It was for one’s own benefit to give to Christ who is hunger and who is naked, since He will then feed us and He will keep us safe (In Joannem hom xxv, MPG 59.152B). Charity also had a salvatory function (Holman 2001:54), since the poor and the hungry people could help one to obtain salvation (In Joannem hom xxvii, MPG 59.162A). We give food to the hungry so that we may have confidence before God and to obtain the blessings promised through Jesus Christ (In epistulam ii ad Thessalonicenses hom vii, MPG 62.540A). But the opposite is also true: when one allows the poor man to waste away with hunger, that man will draw upon one the same condemnation (In Joannem hom xlvii, MPG 59.268C). Those who did not have compassion with hungry people and who did not share their possessions with the hungry people, would be punished not merely by the loss of blessings, but also by being sent to hell-fire (In epistulam ad Ephesios hom xvi, MPG 62.112C). It is clear that self-interest also played a role in social care.

     

    Conclusions

    Hunger and famine were dreaded phenomena in the ancient society. People were encouraged to give to the hungry, but it was not because of the modern teaching that the poor were fellow human beings who had a moral right to be helped. Self-interest of the benefactor also played a role and the Christian donor could gain divine honour through almsgiving (cf. Holman 2001:54). Since God’s Word carried irrefutable authority, ancient theologians used it in their exhortations to almsgiving. They did not necessarily use the same Biblical texts, but Chrysostom’s most favourable text was Matthew 25:35, in which ministering to the hungry was seen as ministering to Christ (Finn 2008:164, but see also Holman 2000:483; Ramsey 1982:226–227; Allen & Morgan 2009:128).

    Chrysostom not only exhorted his congregation to give, but he also reprimanded those who did not. Lizzi defined the exhortation to almsgiving, together with the castigation of failure to give alms, as a leitmotif of pastoral preaching in the 4th and 5th centuries (cf. Finn 2008:173). It is also interesting to note that the hungry and the poor are not directly addressed in these sermons. It appears that these people were not in the church and that they were only objects of pity (Cunningham & Allen 1998:14). They were ridiculed and called names serving as an indication of how low their status was in their community.

    The hungry are recipients and lacked power. But we should also bear in mind that Chrysostom’s descriptions are often slanted and manipulated to suit a specific situation. Chrysostom held a fatalistic view and he believed that God causes hunger and famine to improve the spiritual life of people. The hungry are identified with Christ and the rich should alleviate the lot of the hungry for their own sake. Excessiveness is harmful to the body and the soul. Hunger and famine were very prominent in the minds of the ancients and played an important role in Chrysostom’s exegesis.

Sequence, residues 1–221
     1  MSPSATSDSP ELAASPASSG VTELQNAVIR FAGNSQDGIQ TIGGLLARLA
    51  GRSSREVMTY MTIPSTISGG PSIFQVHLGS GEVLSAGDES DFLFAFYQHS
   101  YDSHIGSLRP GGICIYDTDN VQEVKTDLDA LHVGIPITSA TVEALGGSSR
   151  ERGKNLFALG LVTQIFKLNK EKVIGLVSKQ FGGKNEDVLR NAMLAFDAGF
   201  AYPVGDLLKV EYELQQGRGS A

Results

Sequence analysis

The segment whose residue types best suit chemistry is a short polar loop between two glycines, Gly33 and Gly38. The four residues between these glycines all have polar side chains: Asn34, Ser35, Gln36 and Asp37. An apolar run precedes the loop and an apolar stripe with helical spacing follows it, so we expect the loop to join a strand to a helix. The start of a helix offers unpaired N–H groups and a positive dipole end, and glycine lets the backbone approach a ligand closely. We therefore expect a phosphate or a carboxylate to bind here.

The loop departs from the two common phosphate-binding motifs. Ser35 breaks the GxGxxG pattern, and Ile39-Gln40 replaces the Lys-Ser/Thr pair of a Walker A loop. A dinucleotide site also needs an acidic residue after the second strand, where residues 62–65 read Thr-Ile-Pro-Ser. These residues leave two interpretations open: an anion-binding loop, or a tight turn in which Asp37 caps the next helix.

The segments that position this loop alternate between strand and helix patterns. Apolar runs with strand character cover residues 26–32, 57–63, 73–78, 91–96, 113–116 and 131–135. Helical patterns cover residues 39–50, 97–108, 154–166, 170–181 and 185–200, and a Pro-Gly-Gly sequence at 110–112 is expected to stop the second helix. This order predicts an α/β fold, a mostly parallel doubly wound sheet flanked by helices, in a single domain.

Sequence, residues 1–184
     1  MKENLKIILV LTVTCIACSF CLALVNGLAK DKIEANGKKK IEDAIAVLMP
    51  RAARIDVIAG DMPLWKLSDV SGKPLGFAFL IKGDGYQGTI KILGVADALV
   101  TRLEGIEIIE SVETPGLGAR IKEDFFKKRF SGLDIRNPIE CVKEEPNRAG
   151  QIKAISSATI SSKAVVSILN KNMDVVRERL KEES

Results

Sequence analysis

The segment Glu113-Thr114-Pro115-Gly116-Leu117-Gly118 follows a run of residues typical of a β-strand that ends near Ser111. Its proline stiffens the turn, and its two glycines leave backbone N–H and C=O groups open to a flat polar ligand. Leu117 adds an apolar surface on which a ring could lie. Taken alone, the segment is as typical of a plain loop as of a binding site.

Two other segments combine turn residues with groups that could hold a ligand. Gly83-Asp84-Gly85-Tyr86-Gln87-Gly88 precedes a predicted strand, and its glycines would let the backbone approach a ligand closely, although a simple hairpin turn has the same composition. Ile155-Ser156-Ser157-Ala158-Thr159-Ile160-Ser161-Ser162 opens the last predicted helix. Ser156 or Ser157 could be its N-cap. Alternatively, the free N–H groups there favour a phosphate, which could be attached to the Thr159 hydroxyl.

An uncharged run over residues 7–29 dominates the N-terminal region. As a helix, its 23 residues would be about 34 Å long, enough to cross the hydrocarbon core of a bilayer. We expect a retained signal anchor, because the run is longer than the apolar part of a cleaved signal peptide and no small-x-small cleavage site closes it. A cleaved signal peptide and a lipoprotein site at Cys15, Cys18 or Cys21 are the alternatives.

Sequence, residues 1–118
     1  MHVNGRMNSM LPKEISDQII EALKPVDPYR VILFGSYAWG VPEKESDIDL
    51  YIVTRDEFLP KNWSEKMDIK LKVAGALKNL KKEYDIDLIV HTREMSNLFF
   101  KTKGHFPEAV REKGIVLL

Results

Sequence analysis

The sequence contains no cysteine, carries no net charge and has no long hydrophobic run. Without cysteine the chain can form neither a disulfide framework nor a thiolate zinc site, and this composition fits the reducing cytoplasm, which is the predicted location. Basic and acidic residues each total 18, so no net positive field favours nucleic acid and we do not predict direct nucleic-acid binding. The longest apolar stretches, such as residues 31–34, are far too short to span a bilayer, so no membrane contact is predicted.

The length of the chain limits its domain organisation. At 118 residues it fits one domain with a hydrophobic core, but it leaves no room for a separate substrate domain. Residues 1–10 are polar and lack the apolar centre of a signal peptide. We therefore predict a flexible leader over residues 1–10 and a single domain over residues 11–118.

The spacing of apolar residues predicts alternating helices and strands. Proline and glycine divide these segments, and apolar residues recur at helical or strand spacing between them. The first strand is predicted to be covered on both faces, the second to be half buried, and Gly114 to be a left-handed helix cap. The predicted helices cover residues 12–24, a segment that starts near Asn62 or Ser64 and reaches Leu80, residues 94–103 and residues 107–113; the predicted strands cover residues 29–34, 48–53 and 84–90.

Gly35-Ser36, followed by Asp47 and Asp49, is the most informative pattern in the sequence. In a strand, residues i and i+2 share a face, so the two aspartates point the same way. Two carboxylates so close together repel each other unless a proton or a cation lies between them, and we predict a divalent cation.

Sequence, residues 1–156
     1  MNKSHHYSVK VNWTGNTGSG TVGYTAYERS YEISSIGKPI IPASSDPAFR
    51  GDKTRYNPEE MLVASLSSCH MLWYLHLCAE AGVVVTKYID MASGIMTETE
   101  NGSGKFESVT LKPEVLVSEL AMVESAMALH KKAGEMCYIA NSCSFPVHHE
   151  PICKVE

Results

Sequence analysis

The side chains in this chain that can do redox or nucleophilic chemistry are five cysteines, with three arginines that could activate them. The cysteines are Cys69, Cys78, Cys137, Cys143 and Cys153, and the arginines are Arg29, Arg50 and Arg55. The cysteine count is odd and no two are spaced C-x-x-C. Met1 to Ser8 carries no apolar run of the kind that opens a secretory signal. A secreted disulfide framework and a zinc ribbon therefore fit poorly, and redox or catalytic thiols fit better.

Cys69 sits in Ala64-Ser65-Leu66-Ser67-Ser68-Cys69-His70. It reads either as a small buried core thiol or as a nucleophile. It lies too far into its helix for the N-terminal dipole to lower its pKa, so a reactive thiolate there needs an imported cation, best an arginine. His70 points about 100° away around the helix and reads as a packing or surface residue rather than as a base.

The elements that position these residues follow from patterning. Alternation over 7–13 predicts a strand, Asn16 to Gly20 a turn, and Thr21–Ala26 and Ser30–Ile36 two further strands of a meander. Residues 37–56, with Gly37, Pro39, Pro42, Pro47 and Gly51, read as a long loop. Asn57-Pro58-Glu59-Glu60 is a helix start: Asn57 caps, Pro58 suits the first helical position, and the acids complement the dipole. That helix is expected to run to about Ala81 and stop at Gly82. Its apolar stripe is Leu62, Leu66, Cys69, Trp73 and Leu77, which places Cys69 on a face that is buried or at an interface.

Hunger and famine (and its antithesis abundance and wealth) are useful in unlocking the construct of ancient society.

     

    References

    Allen, P. & Morgan, E., 2009, ‘Augustine on poverty’, in P. Allen, B. Neil & W. Mayer (eds.), Preaching poverty in Late Antiquity: Perceptions and reality, pp. 119-170, Evangelische Verlagsanstalt, Leipzig.        [ Links ]

    Allen, P., Neil, B. & Mayer, W., 2009, ‘Reading the texts: A methodology of approach to genre’, in P. Allen, B. Neil & W. Mayer (eds.), Preaching poverty in Late Antiquity: Perceptions and reality, pp. 36-68, Evangelische Verlagsanstalt, Leipzig.        [ Links ]

    Blue, B.B., 1991, ‘The house church at Corinth and the Lord’s Supper: Famine, food supply, and the present distress’, Criswell Theological Review 5 (2), 221-239.        [ Links ]

    Brown, P., 2002, Poverty and leadership in the Later Roman Empire, University Press of New England, Hanover, NH.        [ Links ]

    Brueggemann, W., 1977, ‘A Biblical perspective on the problem of hunger’, The Christian Century 94, 1136-1141.        [ Links ]

    Cunningham, M.B. & Allen, P., 1998, Preacher and audience: Studies in early Christian and Byzantine homilies, Brill, Leiden.        [ Links ]

    Finn, R., 2008, Almsgiving in the Later Roman Empire: Christian promotion and practice (313–450), Oxford University Press, Oxford.        [ Links ]

    Gapp, K.S., 1935, ‘The universal famine under Claudius’, Harvard Theological Review 28, 258-265.        [ Links ]

    Garnsey, P., 1983, ‘Famine in Rome’, in P. Gernsey & C.R. Whittaker (eds.), Trade and famine in Classical Antiquity, pp. 56-65, Cambridge University Press, Cambridge, UK.        [ Links ]

    Garnsey, P., 1988, Famine and food supply in the Graeco-Roman World, Cambridge University Press, Cambridge, UK. doi: 10.1017/CBO9780511583827        [ Links ]